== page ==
“I made no such linkage,” said Redfern.

Bylaw goes to the public

The messier part of the meeting had to do with the bylaw.

Coun. Joanasie Akumalik – chair of the engineering and public works committee of the whole – started the ball rolling by putting forward a motion to bring the proposed new water and sewer bylaw to public consultation.

“I don’t know if residents have had a chance to take a look at the proposed bylaw, but it would be good for the city and the council to consult with the public and get feedback from the community,” said Akumalik, who had previously expressed concern about the introduction of licensed service providers. Akumalik and Coun. Kuthula Matshazi share concerns about privatization of city services.

But, to get started, the Nunavut Brewing Company needs to haul its own sewer and water because the city is already at the breaking point providing services to residents.

That motion passed, despite keen opposition from Coun. Kyle Sheppard.

“I oppose the motion emphatically. The issues being dealt with in the amendments to the water and sewer services bylaw are actually quite minor. The city has the authority already under the existing Bylaw 200 to issue licenced hauling to proponents,” said Sheppard.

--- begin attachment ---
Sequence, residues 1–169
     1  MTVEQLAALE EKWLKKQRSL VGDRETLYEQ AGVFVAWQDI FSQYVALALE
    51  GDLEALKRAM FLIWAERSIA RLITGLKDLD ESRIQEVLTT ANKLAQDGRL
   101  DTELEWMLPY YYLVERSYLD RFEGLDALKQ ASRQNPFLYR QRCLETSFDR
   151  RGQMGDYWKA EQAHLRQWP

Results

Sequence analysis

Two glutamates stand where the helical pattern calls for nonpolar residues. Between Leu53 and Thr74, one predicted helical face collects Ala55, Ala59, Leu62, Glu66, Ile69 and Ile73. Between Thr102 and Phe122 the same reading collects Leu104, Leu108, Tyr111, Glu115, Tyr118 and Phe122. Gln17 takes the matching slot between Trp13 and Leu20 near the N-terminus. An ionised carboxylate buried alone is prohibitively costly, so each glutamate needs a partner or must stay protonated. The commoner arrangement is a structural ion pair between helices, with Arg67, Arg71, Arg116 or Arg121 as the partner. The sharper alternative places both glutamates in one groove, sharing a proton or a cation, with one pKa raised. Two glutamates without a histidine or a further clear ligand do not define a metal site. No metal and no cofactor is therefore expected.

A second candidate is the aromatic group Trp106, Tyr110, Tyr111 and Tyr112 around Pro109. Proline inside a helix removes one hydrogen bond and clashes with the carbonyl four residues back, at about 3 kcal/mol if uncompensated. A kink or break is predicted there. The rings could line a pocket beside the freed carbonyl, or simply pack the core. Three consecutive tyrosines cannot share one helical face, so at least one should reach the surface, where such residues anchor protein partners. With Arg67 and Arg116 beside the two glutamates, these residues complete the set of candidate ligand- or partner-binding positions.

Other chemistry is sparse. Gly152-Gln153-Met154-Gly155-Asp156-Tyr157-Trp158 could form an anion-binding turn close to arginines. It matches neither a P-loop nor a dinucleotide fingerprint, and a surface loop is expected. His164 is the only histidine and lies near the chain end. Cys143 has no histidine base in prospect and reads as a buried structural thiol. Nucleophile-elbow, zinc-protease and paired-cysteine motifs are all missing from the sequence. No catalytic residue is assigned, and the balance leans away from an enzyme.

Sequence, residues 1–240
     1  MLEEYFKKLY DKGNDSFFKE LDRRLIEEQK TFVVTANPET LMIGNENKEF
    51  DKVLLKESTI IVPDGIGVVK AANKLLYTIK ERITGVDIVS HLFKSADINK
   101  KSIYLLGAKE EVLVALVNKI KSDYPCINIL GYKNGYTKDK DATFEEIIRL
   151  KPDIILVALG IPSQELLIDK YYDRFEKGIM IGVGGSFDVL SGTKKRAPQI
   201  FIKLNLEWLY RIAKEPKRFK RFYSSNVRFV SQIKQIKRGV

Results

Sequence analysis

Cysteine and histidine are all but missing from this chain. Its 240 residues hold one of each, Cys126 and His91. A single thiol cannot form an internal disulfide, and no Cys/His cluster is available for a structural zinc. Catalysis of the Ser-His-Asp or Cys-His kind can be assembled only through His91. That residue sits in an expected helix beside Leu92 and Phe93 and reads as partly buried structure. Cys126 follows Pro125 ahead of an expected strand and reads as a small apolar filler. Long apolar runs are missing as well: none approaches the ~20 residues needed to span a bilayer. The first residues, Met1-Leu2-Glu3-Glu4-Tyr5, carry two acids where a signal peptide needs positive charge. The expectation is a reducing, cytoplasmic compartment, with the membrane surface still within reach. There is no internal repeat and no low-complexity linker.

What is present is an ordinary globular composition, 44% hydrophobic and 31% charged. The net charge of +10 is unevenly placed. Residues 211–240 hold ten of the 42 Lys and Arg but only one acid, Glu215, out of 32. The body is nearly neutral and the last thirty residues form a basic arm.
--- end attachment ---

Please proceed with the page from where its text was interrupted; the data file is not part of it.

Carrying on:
“If anything this is just cleaning up the existing bylaw, adding additional restrictions, requirements.”

He said the changes were well within the reasonable expectations of council as elected officials without a costly and time-consuming public consultation.

The public consultation is to be held before Aug. 14.

Sheppard then attempted to introduce amendments to the proposed new bylaw, giving more explicit control to the city. Nevertheless, the second reading failed to pass.

Finally, Sheppard attempted to pass a motion to enter into a service contract with the brewery. That motion tied, with councillors Akumalik, Simon Nattaq, Noah Papatsie voting against, and Matshazi, Sheppard, and Deputy Mayor Romeyn Stevenson voting for the motion.

Redfern looked shocked to have to step in as the tie-breaker, but after a short pause, she voted against the motion.

Gasps filled the gallery.

 

Michele LeTourneau/NNSL photo
Nunavut Brewing Company Ltd. general manager Katie Barbour, seen hear next to empty brewing vessels at the company’s Iqaluit building, says the company is hoping to come up with creative solution with the city so that it can finally get to work offering made-in-Nunavut beer to Nunavummiut and southern beer buyers.

Brewery seeks creative solutions

After the council meeting, Papatsie explained why he voted against the motion that might have allowed the brewery to open its doors.